Heading into this season there is no doubt that the University of Iowa definitely has more pep in their step coming off the back of a third place team performance at the NCAA tournament. Its not the fact that Iowa fans are happy, or even content with the third place finish, but last year’s preseason expectations had the Hawkeyes slated for a lower-end top ten finish, but thanks to some help from a true freshman, the Hawkeyes soared above that and were a convincing third place team.
While its true Iowa was pegged as finishing somewhere between sixth and eighth last season that was due in large part to the entire country believing Tom Brands wouldn’t break script and put a true freshman out on the mat. Looking back its hard to determine what is more surprising, the fact that Brands changed his philosophy for the first time in almost two decades, or the fact that Lee’s impact on the mat extended far beyond the 125 pound weight class.
The decision to let Lee compete last season made waves inside the program. The good kind. Lee’s teammates where excited to see him take to the mat. His dominance on the mat led to his fellow starters discussing the fact that they were feeding off his performance in their own matches, and how they felt the need to answer the bell to keep that team momentum going.
It also isn’t a big secret that Iowa is in the middle of highly successful recruiting run, with three top 25 recruits in the class of 2020 to go a long with the two in the class of 2019. Lee’s ability to step off the high school mat and enter the NCAA’s limelight has beefed up Iowa’s profile when it comes to the new age blue chip recruits. Many of Iowa’s recruits are hoping to emulate Lee’s success, which can account for the uptick in lightweight names headed to Iowa City.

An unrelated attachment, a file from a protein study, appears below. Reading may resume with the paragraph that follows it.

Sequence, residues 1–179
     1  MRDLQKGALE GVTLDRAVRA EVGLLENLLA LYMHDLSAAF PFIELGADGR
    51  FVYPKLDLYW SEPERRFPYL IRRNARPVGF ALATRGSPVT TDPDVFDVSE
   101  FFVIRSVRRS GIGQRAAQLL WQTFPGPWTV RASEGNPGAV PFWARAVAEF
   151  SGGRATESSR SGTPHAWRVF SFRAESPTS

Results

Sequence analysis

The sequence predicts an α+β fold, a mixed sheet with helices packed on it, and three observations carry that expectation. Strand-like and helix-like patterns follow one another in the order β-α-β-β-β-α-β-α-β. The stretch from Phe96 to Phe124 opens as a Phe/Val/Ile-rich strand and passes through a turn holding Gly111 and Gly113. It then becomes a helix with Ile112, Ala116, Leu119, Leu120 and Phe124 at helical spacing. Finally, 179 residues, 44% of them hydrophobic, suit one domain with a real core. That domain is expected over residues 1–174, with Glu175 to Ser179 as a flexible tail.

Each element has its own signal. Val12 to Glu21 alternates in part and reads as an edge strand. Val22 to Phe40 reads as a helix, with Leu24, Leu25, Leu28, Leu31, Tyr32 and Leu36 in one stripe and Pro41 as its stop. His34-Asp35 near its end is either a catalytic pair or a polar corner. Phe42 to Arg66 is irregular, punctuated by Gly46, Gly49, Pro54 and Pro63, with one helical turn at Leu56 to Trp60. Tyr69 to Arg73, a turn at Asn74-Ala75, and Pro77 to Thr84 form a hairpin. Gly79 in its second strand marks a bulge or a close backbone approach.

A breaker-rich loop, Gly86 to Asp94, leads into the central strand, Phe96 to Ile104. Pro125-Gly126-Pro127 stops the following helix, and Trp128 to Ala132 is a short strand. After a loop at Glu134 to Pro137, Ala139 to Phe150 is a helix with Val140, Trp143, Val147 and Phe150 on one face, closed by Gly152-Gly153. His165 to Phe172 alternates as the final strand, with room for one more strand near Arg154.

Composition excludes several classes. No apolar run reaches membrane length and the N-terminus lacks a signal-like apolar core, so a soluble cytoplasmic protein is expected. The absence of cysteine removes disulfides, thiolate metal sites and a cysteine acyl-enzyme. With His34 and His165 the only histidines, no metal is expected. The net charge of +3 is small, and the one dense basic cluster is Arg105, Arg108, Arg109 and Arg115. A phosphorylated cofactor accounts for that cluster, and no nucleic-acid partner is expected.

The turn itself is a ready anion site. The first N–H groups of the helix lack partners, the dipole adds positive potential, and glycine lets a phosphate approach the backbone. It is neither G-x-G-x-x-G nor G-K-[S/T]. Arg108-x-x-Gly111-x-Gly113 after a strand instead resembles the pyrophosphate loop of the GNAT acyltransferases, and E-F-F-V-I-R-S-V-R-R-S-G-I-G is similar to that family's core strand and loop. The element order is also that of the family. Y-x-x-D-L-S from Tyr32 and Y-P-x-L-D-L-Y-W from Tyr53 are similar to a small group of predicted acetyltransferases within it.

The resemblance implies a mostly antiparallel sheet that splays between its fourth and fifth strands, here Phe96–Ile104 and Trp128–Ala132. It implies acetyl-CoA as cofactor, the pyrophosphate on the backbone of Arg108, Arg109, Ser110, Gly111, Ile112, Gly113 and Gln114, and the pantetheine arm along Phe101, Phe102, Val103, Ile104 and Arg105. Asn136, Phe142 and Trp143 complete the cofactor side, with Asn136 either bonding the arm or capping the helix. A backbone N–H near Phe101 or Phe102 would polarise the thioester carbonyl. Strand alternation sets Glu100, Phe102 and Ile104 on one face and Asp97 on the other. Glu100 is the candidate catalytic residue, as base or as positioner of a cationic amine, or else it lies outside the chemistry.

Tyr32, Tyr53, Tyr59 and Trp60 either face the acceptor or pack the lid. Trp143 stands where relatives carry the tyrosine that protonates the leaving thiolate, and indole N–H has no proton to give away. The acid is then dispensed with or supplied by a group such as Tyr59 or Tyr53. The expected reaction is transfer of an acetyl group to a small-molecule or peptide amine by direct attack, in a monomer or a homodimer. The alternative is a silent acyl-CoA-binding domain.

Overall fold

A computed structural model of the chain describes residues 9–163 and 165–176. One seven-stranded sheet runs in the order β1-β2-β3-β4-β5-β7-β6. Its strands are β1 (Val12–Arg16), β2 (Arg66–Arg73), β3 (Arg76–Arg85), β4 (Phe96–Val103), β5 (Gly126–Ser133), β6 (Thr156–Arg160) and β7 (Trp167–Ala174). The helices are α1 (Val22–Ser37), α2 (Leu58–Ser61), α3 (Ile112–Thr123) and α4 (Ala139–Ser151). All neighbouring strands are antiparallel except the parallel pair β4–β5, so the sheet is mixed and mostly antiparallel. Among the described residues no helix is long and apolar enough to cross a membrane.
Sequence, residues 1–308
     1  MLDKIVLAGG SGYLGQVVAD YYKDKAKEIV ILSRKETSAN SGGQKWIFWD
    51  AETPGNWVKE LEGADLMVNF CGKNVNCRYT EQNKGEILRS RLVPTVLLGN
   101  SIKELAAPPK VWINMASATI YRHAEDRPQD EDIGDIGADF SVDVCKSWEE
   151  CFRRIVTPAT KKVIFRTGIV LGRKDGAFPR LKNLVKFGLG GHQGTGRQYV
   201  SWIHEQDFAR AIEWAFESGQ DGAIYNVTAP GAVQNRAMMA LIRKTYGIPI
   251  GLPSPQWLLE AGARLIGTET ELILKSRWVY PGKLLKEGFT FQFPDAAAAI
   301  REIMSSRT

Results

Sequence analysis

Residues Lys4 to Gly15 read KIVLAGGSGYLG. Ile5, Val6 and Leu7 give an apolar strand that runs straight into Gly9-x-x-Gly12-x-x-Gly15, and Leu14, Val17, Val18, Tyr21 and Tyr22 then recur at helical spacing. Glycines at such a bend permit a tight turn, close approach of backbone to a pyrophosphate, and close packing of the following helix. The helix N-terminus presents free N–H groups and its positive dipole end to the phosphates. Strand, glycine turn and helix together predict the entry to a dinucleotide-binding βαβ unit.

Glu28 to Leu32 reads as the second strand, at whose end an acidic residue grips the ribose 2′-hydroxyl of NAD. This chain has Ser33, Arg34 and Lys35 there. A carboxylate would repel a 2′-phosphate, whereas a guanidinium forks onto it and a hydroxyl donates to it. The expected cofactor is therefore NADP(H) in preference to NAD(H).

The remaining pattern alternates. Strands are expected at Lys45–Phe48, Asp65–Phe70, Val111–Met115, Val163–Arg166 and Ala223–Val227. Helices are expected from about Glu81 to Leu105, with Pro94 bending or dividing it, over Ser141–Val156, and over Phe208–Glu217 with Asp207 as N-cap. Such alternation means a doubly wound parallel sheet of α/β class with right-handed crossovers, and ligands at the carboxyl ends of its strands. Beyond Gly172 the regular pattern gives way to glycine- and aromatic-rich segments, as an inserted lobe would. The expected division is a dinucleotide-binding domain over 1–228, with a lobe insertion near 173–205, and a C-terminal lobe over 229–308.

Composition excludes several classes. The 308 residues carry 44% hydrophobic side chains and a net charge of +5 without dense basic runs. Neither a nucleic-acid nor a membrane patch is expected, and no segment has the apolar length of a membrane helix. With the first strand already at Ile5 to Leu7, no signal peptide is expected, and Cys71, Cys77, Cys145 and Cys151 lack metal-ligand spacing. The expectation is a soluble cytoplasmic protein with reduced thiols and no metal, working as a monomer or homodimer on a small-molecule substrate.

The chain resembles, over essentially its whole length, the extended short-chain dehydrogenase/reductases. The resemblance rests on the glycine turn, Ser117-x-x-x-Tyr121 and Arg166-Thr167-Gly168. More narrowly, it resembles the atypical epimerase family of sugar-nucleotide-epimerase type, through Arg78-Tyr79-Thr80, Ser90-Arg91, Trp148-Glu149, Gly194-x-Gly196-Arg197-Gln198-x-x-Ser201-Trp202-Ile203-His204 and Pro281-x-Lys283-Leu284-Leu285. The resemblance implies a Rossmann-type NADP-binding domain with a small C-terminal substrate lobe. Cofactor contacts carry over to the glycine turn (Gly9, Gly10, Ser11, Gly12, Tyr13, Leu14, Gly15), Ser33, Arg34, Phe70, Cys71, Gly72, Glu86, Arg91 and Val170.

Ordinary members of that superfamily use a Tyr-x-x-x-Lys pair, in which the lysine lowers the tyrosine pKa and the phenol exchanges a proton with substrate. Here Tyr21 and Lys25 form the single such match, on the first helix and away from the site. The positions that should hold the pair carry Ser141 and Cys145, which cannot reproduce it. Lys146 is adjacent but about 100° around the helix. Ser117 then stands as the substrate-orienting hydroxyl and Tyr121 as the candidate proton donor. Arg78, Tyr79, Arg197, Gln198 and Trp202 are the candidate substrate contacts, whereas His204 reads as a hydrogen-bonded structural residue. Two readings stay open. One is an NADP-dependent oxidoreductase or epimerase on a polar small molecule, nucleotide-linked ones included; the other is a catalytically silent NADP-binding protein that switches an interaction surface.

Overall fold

|Starter||Spencer Lee (So)|
|Depth||Perez Perez (Sr)|
|Redshirting||Aaron Cashman (Fr)|
Spencer Lee is a wrestler you can either spending a lot of time discussing how great he was or the fact that he is such a known quantity he really might not even require any sort of preview. He’s the highest returning point scorer at least year’s NCAA’s. Pretty much an open and shut case.
Two wrestlers figure to push Lee, and it’s more of a matter of whether or not these two are at 125 or if they bump to 133 pounds. NCAA finalist Nick Suriano (Rutgers) and Daton Fix (Oklahoma State) would be his chief rivals, but both have rumors surrounding them on which weight class would be optimal for them and their respective teams.
For depth we will see senior Perez Perez backup the NCAA champion who has yet to make a start for Iowa. Another name to watch is Aaron Cashman, who was a late addition to Iowa’s 2018 recruiting class. He’s a wrestler with Cadet World team experience with some good potential.
|Lineup||Austin DeSanto (So)|
|Battle||Jason Renteria (So)|
This offseason the Hawkeyes benefited from not one, but two impact transfers that will come in and be able to compete for the starting spot at 133 pounds. Both Jason Renteria (Nebraska) and Austin DeSanto (Drexel) were NCAA qualifiers at their prior institution, and both managed the feat as a true freshman. This of course means that both still have a redshirt on the table to use if they fail to make the starting lineup.
After a round of 12 performance last season, the preseason feeling is that DeSanto will be the early leader for the starting spot, followed by Renteria, and then Iowa’s 2018 starter, Paul Glynn.